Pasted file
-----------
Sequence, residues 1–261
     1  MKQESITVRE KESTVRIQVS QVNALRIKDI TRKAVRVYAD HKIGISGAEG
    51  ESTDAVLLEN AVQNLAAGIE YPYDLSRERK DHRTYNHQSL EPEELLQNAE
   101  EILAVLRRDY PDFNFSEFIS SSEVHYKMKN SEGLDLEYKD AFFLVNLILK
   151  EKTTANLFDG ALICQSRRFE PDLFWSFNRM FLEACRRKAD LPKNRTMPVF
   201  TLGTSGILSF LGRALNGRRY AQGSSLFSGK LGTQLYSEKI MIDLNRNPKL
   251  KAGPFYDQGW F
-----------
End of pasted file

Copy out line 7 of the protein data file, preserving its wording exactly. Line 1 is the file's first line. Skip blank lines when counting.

   251  KAGPFYDQGW F